26 March 2011

Not Taking Pictures of the Sistine Chapel

You can take pictures all throughout the Vatican Museums, except for inside the room that every one of the 4.5 million annual visitors are most likely there to see. I figured it wasn't allowed for security purposes. To keep the flow of traffic moving. However, it turns out that Nippon TV, a Japanese television company, funded the restoration of the chapel's frescoes in the 80s in exchange for exclusive photographic rights. Any book, postcard, print, etc wanting to depict the Sistine Chapel has to buy the copyright from Nippon TV. Talk about a good investment.
Signs like this were everywhere leading up to the Sistine Chapel. Be quiet. Don't fall down the stairs. No photography. Good thing they include that second one, because if someone actually did fall down the stairs, there's no way people would be able to remain silent - or refrain from taking pictures. This picture was taken right before entering, the closest our photo memories would come to capturing the famous work. Or so we thought.
We've seen a lot of rule-breaking in the Vatican. Shorts, miniskirts, flash photography in the Basilica, photography of the Papal tombs. On our tour of the Excavations beneath St. Peter's (which was absolutely amazing), photography was prohibited. Yet, the tour in front of us each took turns flashing away at the box of Peter's bones. In the Sistine Chapel, though, it was particularly egregious. Guards just sat or stood there, not saying a word.
Just how lenient are the Vatican security guards? Well, just look at these people! Carla, our garden tour guide, told us that the man who attempted to assassinate Pope John Paul II was put in jail only because St. Peter's Square is technically under Italian jurisdiction. Had the crime taken place under Vatican City law, he would have just been forgiven and set free. That may have been an exaggeration... but I am inclined to think it wasn't.
Obviously, I decided to break the rules, too - but focused only on the tourists and not the work. It felt a little more honest that way. Plus, it's not like you need my photo to show you what one of the most famous works of art looks like. By the way, back when the pope was striking the copyright deal with Nippon TV, he apparently gave NBC a shot at it, too. They foolishly declined. How this fact hasn't popped up in an episode of 30 Rock, I'll never know.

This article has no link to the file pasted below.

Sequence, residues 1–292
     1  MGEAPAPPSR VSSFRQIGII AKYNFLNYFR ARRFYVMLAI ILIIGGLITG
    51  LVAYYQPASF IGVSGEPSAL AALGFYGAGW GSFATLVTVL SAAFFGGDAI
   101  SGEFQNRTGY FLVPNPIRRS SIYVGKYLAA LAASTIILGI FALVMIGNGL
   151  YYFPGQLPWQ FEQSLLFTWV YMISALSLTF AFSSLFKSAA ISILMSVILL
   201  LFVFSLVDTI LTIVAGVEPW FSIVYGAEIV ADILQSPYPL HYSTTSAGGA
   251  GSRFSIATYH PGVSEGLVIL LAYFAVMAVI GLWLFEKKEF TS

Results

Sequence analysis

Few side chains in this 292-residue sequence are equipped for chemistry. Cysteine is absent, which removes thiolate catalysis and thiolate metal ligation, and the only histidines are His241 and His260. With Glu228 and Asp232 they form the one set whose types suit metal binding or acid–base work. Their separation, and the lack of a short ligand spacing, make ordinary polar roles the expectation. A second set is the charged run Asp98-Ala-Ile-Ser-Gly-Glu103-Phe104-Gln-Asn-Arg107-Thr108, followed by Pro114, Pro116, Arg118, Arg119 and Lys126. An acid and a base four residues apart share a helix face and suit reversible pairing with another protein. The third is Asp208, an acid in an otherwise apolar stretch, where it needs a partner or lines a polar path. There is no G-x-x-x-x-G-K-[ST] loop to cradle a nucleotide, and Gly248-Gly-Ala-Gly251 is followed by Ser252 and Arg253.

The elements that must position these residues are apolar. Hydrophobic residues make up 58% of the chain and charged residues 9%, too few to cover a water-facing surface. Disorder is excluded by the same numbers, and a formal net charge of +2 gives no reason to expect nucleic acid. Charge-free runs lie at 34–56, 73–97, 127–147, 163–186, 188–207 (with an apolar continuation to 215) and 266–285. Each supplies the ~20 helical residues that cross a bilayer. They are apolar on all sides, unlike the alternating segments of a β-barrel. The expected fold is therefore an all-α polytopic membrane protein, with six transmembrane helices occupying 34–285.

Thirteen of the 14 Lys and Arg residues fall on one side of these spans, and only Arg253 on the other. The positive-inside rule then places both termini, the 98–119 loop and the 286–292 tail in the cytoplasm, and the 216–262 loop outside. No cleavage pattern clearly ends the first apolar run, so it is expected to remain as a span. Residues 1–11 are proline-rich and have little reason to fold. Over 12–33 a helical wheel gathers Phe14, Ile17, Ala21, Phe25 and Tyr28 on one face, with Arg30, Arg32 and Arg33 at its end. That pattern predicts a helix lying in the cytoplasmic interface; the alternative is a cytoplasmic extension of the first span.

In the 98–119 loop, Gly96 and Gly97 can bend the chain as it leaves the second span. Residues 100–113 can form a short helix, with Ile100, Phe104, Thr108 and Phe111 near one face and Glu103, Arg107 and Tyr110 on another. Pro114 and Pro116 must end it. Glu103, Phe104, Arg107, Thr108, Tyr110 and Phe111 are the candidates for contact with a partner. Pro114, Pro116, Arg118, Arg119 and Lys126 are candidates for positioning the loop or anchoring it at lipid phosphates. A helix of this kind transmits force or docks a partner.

1. well, at the very least, you gave your readers a bit of jaw dropping trivia, if not the ceiling itself..very, very interesting...i guess no one in their right mind would sue the papa, eh? :)

  2. What a lovely post on Sistine-Chapel ! I love touring Sistine-Chapel so much that I am doing a series on both the well known and the rarely visited tourist attractions of Italy's twenty regions. You make my heart to go back to Italy !
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  3. I know this is an old post - so my apologies for the delayed response. I just came across it during a search on some information on the Sistine Chapel restoration.

    My understanding is that the sole rights to photography and video by Nippon TV (received for funding the over $4M restoration) expired 3 years after the completion of each phase of the restoration. I believe the last phase was completed in 1999 so the exclusive rights should have ended in 2003. The Chapel staff has continued to enforce the "no Photography" rules, but as you saw seems to vary in the level of enforcement.

  4. I was there in fall of 2016. The no photography no video rule was strictly enforced. The room was completely packed and the constant reminder of no photographs was heard numerous times. A man was plucked from the crowded room and escorted out. I did not want to chance the same fate so admired the art and the fortune of being there without trying for a photo.